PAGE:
It is our belief that Judge Low, prior to his confirmation, must provide the public with assurances that, during his tenure as Commissioner, he will be an advocate for and accountable to the insurance consumers of the state. Judge Low must pledge to be free from the conflicts of interest that had plagued the Quackenbush administration. Only with these assurances and evidence of his independence should Judge Low be confirmed as the Interim Insurance Commissioner.
Judge Low Must Pledge to Be Independent of the Governor
Judge Low has been nominated to fill the vacancy created by Mr. Quackenbush. If confirmed, he will accept the responsibilities incumbent upon an elected statewide officeholder. Notwithstanding the nomination by the Governor, the Insurance Commissioner is statutorily obligated to be independent of any other statewide official, including the Governor. The statutory separation of powers mandates that administrative and policy decisions must be made by the Commissioner and should not be influenced by the Governor. To effectively restore the public’s confidence in the office, there must be no real or perceived conflict of interest raised by insurance industry campaign contributions. Because of Governor Davis’ prodigious fundraising from the insurance industry ($1.1 million in 1999 alone), and to avoid the perception that industry contributions are indirectly influencing the new administration’s policies, Judge Low should guarantee that all policy and personnel decisions will be entirely independent of the Governor’s office.
Judge Low Must Pledge to Accept No Insurance Industry Contributions
Judge Low must pledge that, should he choose to seek election to the post of Insurance Commissioner in 2002, he will not accept any campaign contributions, now or in the future, from any entity he regulates. The public firmly and, we believe, accurately blames much of the Quackenbush-Insurance scandal on the undue influence ceded by the former Insurance Commissioner to the insurance industry because insurance companies were his chief donors. Furthermore, the public believes that some of Mr. Quackenbush‘s misconduct was the result of quid pro quo agreements stemming from a specific contribution, while other aspects of the scandal were more broadly related to the fact that a vast majority of Mr. Quackenbush‘s campaign money came from insurers, agents and brokers. A pledge to refuse contributions from the entities Judge Low would regulate would begin the process of restoring public confidence in Department of Insurance.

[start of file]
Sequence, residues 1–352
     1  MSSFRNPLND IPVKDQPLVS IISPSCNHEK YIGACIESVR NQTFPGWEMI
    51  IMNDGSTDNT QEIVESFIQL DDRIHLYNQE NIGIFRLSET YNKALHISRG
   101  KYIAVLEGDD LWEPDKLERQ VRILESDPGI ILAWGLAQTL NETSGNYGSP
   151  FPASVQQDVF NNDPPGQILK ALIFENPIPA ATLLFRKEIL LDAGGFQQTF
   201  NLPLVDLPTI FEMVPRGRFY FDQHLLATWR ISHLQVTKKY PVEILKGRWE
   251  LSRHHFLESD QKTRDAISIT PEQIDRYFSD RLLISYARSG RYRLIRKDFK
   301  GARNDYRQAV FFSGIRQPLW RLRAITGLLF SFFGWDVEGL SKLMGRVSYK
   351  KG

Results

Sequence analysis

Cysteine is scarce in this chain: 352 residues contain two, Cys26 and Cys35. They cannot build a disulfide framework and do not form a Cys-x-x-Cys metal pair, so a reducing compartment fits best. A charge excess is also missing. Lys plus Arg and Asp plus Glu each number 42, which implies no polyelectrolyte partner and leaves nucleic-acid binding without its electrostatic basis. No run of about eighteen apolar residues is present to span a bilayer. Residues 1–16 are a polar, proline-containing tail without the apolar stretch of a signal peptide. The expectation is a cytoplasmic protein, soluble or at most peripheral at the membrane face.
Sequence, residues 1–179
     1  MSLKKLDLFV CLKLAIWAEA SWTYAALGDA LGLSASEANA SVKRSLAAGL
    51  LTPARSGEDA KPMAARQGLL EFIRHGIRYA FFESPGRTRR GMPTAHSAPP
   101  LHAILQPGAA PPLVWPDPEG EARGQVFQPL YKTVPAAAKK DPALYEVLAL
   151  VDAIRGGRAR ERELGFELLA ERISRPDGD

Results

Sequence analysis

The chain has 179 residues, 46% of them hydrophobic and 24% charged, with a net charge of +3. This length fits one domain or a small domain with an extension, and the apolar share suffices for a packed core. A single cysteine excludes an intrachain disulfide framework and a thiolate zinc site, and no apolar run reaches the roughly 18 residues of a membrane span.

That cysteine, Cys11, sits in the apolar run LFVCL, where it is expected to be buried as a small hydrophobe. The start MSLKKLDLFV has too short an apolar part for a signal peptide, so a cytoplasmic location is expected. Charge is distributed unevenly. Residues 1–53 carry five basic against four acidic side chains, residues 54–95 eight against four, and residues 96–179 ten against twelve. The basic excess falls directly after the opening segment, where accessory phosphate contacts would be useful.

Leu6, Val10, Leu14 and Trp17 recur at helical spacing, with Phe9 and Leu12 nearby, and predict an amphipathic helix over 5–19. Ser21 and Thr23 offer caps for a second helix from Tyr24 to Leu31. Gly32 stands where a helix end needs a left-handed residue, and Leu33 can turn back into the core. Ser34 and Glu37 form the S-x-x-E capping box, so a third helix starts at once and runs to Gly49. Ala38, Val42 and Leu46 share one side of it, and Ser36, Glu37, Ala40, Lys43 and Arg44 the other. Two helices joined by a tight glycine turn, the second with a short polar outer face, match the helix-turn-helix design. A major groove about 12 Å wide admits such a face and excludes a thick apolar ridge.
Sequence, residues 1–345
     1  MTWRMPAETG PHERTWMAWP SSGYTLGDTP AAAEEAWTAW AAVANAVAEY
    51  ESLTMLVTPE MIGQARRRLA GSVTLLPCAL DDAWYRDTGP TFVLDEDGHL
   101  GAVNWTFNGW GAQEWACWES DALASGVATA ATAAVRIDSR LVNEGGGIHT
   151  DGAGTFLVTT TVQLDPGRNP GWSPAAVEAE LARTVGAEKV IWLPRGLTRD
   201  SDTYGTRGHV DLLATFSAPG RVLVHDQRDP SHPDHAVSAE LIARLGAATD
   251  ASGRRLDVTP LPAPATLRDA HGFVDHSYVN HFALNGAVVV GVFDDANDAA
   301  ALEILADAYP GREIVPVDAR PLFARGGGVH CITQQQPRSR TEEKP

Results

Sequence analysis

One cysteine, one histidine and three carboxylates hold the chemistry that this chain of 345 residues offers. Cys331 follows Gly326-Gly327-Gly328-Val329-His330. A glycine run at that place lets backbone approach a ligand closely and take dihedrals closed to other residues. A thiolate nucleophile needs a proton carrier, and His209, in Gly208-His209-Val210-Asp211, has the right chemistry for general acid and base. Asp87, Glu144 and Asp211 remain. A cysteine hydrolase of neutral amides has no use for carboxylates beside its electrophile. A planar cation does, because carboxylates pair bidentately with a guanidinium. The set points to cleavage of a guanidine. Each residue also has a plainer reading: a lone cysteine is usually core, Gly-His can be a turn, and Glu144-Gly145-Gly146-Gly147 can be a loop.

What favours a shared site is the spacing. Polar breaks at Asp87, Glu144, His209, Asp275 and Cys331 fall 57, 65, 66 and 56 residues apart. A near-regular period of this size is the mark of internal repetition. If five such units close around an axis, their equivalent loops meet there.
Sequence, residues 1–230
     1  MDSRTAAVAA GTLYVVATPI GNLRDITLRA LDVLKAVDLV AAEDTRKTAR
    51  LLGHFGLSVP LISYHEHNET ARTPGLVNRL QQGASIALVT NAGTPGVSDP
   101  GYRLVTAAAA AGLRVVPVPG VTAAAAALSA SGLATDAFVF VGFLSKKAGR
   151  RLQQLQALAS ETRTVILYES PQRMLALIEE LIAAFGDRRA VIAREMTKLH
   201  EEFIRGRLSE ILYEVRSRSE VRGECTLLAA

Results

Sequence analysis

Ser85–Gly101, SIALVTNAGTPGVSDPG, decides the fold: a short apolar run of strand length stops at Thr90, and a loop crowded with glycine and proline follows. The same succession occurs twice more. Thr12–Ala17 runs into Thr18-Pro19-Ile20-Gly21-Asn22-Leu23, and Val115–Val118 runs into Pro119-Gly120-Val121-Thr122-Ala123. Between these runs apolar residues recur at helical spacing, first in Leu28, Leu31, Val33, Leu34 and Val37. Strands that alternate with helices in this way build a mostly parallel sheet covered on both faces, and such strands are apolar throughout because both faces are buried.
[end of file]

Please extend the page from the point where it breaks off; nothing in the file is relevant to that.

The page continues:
Judge Low Must Make His Record as a Private Judge Public
The public must be assured that the next Insurance Commissioner has the resolve to stand up to the insurance industry and a record of fairness toward consumers who have disputes with insurance companies. Judge Low must demonstrate that, in his employment as a private judge with Judicial Arbitration Mediation Services, or JAMS, he did not have a record in which he ruled consistently in favor of the insurance industry or other corporations over the interests of consumers. While his public record as an appellate court judge does not indicate any conflicts, his role as a “private judge” is still unknown. At a minimum, Judge Low should disclose the number of cases he presided over involving insurance companies and the disposition of those cases (with the names redacted for confidentiality).
Judge Low Must Pledge to Remove Any Quackenbush Deputies Involved in the Scandal
The next Commissioner must promise the public that he will take action against the Deputy Commissioners and other members of DOI upper management complicit in the Quackenbush-Insurance scandal. The public awaits the assurance that those who worked with Mr. Quackenbush to implement his scheme will not remain in positions within the Department.
Calendar of Meetings
Judge Low should pledge that, if Commissioner, he will voluntarily publish a calendar of his meetings with insurance company executives and representatives.
Judge Low Must Re-open the Mishandled Northridge Investigations
If Judge Low is confirmed, he should immediately invalidate the market conduct examination settlements related to the Northridge earthquake, including those settlements with Farmers Insurance and Fireman’s Fund. He should then re-open the examination process and determine if the preliminary examinations conducted by the DOI can be completed or should be performed anew.
Judge Low Must Commit to Open Access to Insurer Examinations